Pritzker discusses a capital bill
With talk of the first capital bill in nearly a decade permeating the Capitol, representatives of the state’s public universities and community colleges are putting in their wish lists.
Nyle Robinson, interim director of the Illinois Board of Higher Education, submitted a list to lawmakers this week that included $2.14 billion in total requests for new construction projects across the state’s higher education systems.
That number represents a pared down list of requests from the state’s various colleges and universities that totaled more than $4 billion. The majority of projects are for deferred maintenance, although there were some requests for new construction.
“With minimal capital renewal funding and shrinking operational support since (fiscal year 2004), the backlog of deferred maintenance has ballooned from $2.7 billion to $6.7 billion,” Robinson said.
Robinson said universities have had to use operating funds to address maintenance on state-owned buildings, and many have had to assess students with a “campus improvement” or “facility maintenance” fee.
Robinson said the state should be investing at least $338 million in fiscal year 2020 to avoid adding to the $6.7 billion deferred maintenance backlog. He requested an additional $169 million to help chip away at the existing backlog.
“Even if we were to invest at that rate, it would take 31 years to eliminate the backlog,” he said.
While Gov. J.B. Pritzker did advocate for a capital bill in his budget speech, he did not make clear where the funding for such a program would come from.
Putting together a capital package addressing only the needs of the universities would be difficult without even considering the state of roads and bridges in Illinois. Couple that with the state’s existing debt load and poor bond rating, and it’s an even harder task.
Still, representatives for all of the state’s universities detailed their wish lists and testified before the House Appropriations Committee to the poor condition of many of their campuses’ state-owned buildings.
University of Illinois President Timothy Killeen reported $2.1 billion in deferred maintenance needs throughout the system, although the university’s official request was for $722 million for fiscal year 2020.
The Southern Illinois University system requested $412 million with emergency capital needs of $17.7 million. SIU has campuses in Carbondale and Edwardsville, as well as satellite campuses in Alton, Springfield and East St. Louis.
A spokesman for SIU was not immediately available to detail the projects for which it was requesting money.
SIUE alone requested almost $56 million for new construction and repairs, according to college spokesman Doug McIlhagga.
The largest of the projects would be a $37.5 million Advanced Nursing Clinical Simulation and Applied Health Professions Center in Edwardsville. The other new construction project for SIUE would be a dental pediatric surgical clinic, auditorium and classroom space in Alton for $14 million.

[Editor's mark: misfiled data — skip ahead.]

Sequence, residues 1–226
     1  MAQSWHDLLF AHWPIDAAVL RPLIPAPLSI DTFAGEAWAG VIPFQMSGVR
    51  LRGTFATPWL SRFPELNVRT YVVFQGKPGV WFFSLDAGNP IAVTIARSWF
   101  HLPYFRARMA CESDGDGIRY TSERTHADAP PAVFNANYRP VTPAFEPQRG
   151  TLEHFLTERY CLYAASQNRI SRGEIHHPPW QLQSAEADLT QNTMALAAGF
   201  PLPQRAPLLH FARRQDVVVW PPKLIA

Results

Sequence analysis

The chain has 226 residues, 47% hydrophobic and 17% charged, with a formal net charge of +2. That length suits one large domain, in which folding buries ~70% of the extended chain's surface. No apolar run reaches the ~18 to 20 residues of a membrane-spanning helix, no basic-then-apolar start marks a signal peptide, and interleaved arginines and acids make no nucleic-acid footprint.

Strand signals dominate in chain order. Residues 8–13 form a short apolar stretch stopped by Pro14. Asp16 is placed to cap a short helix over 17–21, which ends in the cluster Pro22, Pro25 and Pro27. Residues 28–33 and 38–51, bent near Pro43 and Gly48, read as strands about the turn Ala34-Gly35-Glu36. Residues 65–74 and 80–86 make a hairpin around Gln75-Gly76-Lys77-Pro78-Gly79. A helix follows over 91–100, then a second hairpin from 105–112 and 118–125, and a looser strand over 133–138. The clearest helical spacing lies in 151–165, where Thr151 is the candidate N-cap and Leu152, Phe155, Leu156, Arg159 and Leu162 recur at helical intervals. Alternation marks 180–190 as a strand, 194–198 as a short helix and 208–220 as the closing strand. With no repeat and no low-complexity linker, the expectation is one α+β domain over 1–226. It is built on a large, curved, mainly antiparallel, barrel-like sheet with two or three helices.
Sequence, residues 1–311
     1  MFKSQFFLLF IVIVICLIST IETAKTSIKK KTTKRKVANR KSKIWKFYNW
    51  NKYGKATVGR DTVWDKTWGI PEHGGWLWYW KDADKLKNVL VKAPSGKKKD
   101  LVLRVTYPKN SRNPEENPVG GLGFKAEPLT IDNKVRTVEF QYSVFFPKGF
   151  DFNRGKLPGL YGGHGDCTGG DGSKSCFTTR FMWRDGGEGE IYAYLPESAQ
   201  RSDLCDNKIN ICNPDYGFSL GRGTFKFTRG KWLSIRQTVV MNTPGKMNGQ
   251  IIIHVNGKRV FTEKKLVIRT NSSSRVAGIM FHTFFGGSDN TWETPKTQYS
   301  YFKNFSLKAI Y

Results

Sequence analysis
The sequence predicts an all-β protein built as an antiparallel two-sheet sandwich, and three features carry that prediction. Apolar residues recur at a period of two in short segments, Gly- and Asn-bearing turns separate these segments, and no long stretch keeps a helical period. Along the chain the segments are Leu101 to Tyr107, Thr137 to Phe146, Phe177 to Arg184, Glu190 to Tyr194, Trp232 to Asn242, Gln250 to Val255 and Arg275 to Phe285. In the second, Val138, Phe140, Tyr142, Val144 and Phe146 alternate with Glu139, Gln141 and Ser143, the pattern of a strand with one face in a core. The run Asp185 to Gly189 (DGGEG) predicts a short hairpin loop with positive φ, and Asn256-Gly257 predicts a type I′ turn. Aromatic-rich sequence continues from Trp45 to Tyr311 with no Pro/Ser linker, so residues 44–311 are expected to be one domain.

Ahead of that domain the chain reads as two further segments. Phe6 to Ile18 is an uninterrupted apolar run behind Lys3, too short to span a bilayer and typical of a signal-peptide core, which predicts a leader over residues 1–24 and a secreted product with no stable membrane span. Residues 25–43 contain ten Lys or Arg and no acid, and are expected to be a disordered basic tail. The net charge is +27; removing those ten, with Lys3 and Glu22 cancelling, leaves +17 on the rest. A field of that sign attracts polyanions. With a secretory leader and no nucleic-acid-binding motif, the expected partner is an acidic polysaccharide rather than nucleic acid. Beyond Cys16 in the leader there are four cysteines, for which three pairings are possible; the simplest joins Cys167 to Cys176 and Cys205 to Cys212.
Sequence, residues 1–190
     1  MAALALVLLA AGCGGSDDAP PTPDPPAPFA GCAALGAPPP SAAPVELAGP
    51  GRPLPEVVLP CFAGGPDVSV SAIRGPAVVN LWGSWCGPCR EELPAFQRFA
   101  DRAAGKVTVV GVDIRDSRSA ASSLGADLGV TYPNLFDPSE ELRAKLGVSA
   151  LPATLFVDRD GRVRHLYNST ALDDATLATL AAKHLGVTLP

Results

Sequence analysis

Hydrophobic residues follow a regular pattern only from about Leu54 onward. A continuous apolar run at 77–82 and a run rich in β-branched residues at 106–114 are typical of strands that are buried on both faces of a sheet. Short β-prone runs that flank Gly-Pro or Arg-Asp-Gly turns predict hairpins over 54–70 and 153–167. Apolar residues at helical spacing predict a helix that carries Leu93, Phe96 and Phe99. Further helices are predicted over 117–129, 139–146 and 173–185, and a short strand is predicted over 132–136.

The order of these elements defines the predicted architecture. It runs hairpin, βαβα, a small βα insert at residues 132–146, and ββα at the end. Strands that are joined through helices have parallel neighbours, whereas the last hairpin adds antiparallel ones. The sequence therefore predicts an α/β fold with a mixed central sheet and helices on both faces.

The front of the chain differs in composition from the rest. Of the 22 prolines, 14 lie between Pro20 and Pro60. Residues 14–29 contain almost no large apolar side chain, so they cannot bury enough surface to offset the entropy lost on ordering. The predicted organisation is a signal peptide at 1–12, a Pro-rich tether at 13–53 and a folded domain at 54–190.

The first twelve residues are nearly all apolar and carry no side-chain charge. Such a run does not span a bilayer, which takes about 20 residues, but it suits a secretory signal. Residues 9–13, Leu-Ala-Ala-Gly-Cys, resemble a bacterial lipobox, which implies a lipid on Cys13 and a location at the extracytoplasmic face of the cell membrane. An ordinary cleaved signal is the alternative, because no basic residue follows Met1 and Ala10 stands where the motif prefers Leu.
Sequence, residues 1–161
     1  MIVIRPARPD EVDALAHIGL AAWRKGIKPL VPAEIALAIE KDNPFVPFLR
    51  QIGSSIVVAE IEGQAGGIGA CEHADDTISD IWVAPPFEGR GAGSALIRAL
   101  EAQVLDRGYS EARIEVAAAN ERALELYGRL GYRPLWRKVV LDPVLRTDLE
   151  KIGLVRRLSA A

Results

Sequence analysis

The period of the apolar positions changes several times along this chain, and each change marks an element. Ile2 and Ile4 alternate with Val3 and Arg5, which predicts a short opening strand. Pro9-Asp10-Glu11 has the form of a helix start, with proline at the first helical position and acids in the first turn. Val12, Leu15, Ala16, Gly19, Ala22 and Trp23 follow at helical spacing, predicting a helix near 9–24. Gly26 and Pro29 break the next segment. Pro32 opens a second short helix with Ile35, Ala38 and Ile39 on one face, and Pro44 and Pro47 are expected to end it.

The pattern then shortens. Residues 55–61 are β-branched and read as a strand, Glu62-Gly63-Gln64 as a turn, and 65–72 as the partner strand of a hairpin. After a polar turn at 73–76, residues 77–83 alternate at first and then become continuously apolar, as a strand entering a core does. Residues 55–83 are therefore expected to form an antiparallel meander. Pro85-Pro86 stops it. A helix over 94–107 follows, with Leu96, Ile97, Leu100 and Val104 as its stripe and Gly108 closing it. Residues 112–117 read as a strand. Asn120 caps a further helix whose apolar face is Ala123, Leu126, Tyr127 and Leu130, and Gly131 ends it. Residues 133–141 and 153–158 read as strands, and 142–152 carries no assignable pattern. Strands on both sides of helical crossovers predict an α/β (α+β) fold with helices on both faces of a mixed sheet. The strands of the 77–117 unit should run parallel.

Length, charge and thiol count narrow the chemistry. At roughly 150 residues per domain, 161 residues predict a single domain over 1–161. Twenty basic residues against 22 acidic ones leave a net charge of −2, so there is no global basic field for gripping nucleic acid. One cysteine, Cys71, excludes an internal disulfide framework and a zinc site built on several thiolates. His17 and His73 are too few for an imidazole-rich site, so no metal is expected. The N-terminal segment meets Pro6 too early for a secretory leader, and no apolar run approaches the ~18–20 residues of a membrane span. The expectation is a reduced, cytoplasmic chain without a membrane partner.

Another $4.4 million would be used to make repairs to the college’s water distribution system, campus sidewalks, Peck Hall in Edwardsville and air conditioning units in East St. Louis.
Illinois State University requested $338 million.
“Over the past five years, we have invested between $4 million and $6 million annually of our own resources in general revenue on construction of facilities to ensure that they remain safe and functioning,” ISU President Larry Dietz said. “Had capital funds been available, that money could have been used for scholarships, additional faculty and support staff or new technologies.”
Northern Illinois University requested $326 million for 11 projects. At the university’s DeKalb campus, more than 50 percent of facilities are more than 50 years old, and the funding request includes demolition costs for certain buildings.
Representatives from Eastern Illinois University estimated their deferred maintenance needs at $252 million, while their request was for $145 million. President David Glassman testified of a “deplorable” HVAC system at a life science building which has had funding allocated but not disbursed.
“We’ve made it work thanks to crossing our fingers, standing on one foot and lots and lots of duct tape,” he said. “One of these times, however, we won’t be so lucky.”
Glassman also said EIU has needed a new science building since the 1990s, and he requested $119 million to build it. The current building is 81 years old.
Western Illinois University President Jack Thomas said the last time a state-funded building was built on campus was in 1978, and he requested $504.525 million for the university.
Governors State University President Eileen Maimon requested $112 million for the University Park campus, and she disagreed with the low prioritization of the university on IBHE’s list. She said the campus is in need of a new classroom building.
At Chicago State University, the request was for $64 million in emergency capital needs and $533 million in total capital needs. Northeastern Illinois University requested $277 million.
State Rep. Will Davis (D-Chicago) grilled each of the universities on their inclusion of minority contractors in construction projects and said he would like to see a provision requiring minority inclusion in any capital bill.
“Why don’t we put this in the capital bill and say these (diversity) requirements have to be met. If you want to spend all this money we want to give you or that you desire, then you gotta get there,” he said.